Le Joueur d’échecs Book reviews


Author(s): Stefan ZweigDownload  


Qui est cet inconnu capable d’en remontrer au grand Czentovic, le champion mondial des échecs, véritable prodige aussi fruste qu’antipathique? Peut-on croire, comme il l’affirme, qu’il n’a pas joué depuis plus de vingt ans? Voilà un mystère que les passagers oisifs de ce paquebot de luxe aimeraient bien percer.Le narrateur y parviendra. Les circonstances dans lesquelles l’inconnu a acquis cette science sont terribles. Elles nous reportent aux expérimentations nazies sur les effets de l’isolement absolu, lorsque, aux frontières de la folie, entre deux interrogatoires, le cerveau humain parvient à déployer ses facultés les plus étranges.Une fable inquiétante, fantastique, qui, comme le dit le personnage avec une ironie douloureuse, “pourrait servir d’illustration à la charmante époque où nous vivons”.

Some Reviews: 4817 in Goodreads.com


Garima rated it      

If you want to experience the wonders of a powerful novella without compromising much on time front but at the same instant ready for a deep emotional involvement which would accelerate your heartbeat, if not at a fatal but abnormal rate then Chess Story is for you. A gripping work of fiction with unique characters and an impeccable narration that would not only make the fascination about the game of chess come alive but also convey the dynamics of human mind during the most testing times which proves that the struggle to find compassion and reason amidst oppression, competition and obsession becomes inevitable for survival.

Highly Recommended with an easy Five/5 Stars.


Duane rated it     

One gets the sense that Zweig was projecting his inner turmoil, his insanity, into the character of Dr B. This projection was much too real, too disturbing to be fiction. Dr B’s mental frailty was brought on by mental torture, total isolation, at the hands of Germany’s Gestapo. Zweig’s was troubled by the isolation from his country (Austria), his people, his culture. Dr B found his relief in the game of Chess, Zweig found his in writing. Quite a powerful story to be packed into 84 pages. 4.5 stars.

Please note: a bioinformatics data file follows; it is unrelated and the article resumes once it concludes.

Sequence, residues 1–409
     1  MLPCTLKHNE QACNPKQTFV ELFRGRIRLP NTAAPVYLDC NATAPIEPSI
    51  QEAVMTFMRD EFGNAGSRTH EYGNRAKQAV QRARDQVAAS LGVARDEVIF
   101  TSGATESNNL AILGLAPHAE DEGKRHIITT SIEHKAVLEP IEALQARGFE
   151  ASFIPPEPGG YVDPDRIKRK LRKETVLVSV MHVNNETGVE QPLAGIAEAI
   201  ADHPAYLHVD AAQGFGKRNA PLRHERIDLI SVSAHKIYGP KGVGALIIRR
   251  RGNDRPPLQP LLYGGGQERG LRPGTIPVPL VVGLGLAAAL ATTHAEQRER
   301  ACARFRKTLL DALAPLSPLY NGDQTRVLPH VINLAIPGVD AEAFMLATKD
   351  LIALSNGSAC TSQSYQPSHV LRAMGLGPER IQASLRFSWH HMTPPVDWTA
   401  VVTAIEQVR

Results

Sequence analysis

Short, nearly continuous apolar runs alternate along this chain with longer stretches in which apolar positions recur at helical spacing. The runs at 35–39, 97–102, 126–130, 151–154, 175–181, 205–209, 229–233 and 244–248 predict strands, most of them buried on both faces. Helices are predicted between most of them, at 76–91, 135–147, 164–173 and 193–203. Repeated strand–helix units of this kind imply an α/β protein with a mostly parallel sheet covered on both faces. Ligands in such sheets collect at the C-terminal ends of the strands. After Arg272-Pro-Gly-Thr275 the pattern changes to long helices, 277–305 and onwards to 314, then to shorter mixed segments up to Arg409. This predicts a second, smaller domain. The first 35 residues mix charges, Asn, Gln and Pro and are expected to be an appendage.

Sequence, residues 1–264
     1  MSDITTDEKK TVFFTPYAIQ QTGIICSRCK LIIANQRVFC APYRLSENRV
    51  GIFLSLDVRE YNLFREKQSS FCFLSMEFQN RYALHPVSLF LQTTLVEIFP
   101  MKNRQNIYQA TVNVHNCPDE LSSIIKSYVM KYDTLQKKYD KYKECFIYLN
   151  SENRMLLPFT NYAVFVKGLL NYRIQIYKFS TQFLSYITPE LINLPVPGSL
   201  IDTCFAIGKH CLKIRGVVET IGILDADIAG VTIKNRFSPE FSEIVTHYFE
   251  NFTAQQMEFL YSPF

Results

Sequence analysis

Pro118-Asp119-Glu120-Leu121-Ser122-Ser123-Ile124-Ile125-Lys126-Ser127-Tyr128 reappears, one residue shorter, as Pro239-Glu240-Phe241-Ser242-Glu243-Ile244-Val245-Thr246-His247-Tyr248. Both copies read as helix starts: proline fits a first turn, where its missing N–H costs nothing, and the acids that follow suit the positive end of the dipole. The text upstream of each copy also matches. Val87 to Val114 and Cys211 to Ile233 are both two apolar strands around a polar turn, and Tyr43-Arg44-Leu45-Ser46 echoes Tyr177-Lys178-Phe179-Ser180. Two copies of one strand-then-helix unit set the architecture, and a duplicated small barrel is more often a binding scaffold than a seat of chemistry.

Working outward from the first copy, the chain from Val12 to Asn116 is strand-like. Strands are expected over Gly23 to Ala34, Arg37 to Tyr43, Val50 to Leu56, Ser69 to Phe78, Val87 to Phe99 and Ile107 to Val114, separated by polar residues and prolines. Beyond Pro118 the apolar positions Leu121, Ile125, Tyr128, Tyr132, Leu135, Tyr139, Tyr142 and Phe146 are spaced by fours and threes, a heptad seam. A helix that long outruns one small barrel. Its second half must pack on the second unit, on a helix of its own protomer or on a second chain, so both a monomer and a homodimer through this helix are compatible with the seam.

Manuel Antão

Manuel Antão rated it     

If you’re into stuff like this, you can read the full review.

Me vs. Karjakin: “Schachnovelle” by Stefan Zweig

(Original Review from the German and English editions, 2002-06-01)

My lichens rating has gone down the proverbial toilet. I went from 1800 to 1600. Been losing simple games. I hate it when I get ahead and then lose. The other day I even managed to fuck up a text book draw with opposite bishops. I think of myself as a club level Karjakin but Sergey appears in my dreams and asks me to stop sullying his good name.


Seemita rated it      

“Wanting to play chess against yourself is a paradox, like jumping over your own shadow.”

But what fun is life if words like manic, insanity, paradox and contradiction are not put to test once in a while? Even at the cost of years of discipline and rationality?

Stefen Zweig surely put his own constructs up the wall when he created this ingenious piece of art. Yes, it was pure art; outrightly splendid form of art that overwhelms the realms of conventional thinking and forces the mind to stretch itself.

A World Chess Champion, heralded as one of the best ever to play the game, in his casual quest of pocketing a few dollars, enroute to a tournament, encounters a sudden change of fortune, when a remarkable twist of moves from a rather ordinary looking, albeit a tad hysterical, middle-aged man, hands him his first defeat in many years. Shocked, quietly brazen and visibly inquisitive, he challenges his unknown victor to another game. Nothing more worthwhile to regain lost blood. On the insistence of the vociferous enthusiasts on the cruise, our unknown hero accepts the challenge.

Thus begins the artistic assembly of this man’s life, Dr.B as we come to call him. Zwieg lends Dr.B an ordinary mind, with an extraordinary resilience. The human desire to overcome his limitations despite their crippling, almost strangling nature, is beautifully depicted in the little cell where Dr.B draws the most intelligent game, all within the confines of his mind. In the stunning recollection of the bygone era, Dr.B casts a dreamy net which holds layers of frantic moves, with the kings and pawns running helter-skelter, but never away from the shrewd line of sight of their master.

What happens when one genius meets another in the climax, of course, is as mind-boggling as your mind can make of it! But I wish I held a front-line ticket with a power to hop onto the thought train while it passed through these masterminds’ terrain.

Megan Baxter

Megan Baxter rated it     

The emotional wallop of this book is far out of proportion to its size. At 84 pages, I read it in less than an hour. But that hour was filled with pain and hurt and hope and human persistence and human degradation and it hurt to read.

Note: The rest of this review has been withdrawn due to the recent changes in Goodreads policy and enforcement. You can read why I came to this decision here.

In the meantime, you can read the entire review at Smorgasbook


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